We’ve visited all of the historic Missions in California (not including the missing Missions in Mexico and those located on the Eastern side of the Colorado River). So, now the historic Adobes are creeping into the agenda. Adobe construction was first introduced to California by the Spanish (1769) and uses bricks made with a mixture of mud, manure, sand, and straw.
All the early settlers, farmers, and ranchers used this type of construction so to find/explore an adobe building means you are exploring a piece of California’s history. Most (if not all) of the remaining Adobe buildings have been marked as historical landmarks, preserved, and are open to the public for viewing. Some even contain authentic furniture and gardens.
The Adobe Catalina Verdugo was the first Adobe we visited. This is the oldest structure in the City of Glendale (1828 or 1860). The Adobe is named after María Catalina Verdugo, who was the blind and unmarried daughter of José María Verdugo, a soldier in the Spanish army. He came to California with the Rivera Expedition (1769), which travelled through California ahead of Junípero Serra.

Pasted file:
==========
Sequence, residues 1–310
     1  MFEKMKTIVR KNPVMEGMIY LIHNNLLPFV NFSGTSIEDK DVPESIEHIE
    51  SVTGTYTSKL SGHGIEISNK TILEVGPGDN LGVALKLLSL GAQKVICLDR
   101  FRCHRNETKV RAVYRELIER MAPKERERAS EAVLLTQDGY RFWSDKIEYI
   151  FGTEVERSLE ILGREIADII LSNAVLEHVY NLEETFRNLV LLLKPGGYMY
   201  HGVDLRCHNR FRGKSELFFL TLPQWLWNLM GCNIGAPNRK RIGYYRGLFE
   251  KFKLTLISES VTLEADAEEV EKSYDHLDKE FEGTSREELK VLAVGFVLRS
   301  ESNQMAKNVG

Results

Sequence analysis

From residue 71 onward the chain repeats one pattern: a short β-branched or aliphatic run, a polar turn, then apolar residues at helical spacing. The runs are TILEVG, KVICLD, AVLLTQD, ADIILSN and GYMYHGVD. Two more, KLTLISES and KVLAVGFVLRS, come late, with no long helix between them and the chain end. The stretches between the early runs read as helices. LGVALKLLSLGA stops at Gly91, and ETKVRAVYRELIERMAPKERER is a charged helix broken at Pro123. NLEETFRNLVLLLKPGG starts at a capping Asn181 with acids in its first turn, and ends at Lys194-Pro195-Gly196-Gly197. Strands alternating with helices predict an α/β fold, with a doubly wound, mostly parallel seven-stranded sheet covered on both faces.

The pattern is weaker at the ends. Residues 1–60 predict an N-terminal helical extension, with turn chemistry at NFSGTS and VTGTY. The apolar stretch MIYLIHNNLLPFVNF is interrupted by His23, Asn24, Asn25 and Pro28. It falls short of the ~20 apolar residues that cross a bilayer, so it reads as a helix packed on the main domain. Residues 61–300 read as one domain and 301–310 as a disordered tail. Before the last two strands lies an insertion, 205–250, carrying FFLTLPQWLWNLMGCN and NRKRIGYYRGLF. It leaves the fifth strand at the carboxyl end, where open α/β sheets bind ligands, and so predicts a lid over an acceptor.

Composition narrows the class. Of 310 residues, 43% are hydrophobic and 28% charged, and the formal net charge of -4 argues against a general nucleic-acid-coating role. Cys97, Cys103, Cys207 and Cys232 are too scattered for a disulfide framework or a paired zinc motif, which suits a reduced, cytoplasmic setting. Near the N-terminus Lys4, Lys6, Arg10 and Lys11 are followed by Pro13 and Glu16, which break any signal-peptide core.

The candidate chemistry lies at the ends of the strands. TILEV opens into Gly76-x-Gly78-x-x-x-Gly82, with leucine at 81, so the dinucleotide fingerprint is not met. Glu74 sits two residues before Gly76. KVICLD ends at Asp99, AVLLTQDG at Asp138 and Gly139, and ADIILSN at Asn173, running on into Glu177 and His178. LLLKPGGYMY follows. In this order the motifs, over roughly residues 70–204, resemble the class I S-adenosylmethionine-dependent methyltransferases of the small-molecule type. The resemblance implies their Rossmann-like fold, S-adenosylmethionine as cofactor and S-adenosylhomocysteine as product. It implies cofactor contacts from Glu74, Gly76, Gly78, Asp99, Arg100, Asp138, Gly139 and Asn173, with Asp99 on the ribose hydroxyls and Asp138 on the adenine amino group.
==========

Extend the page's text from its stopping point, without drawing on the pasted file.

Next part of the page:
After Verdugo completed his service with the Spanish he requested a land grant and was given 36,402 acres between Pasadena and the Mission San Fernando. When José María passed away, this land was given to his daughter Catalina and son Julio Antonio. Catalina lived in the adobe house on this land with her nephew Teodoro.
Also, on the site are the remains of the “Oak of Peace,” the tree under which Jesus Pico (cousin of General Pico and prisoner/envoy of John C. Frémont) met with Mexican Governor Andrés Pico to negotiate the terms of the Treaty of Cahuenga, which ended the fighting of the Mexican-American War.
The official document was signed by Pico and Frémont on January 13, 1847, in what is now North Hollywood.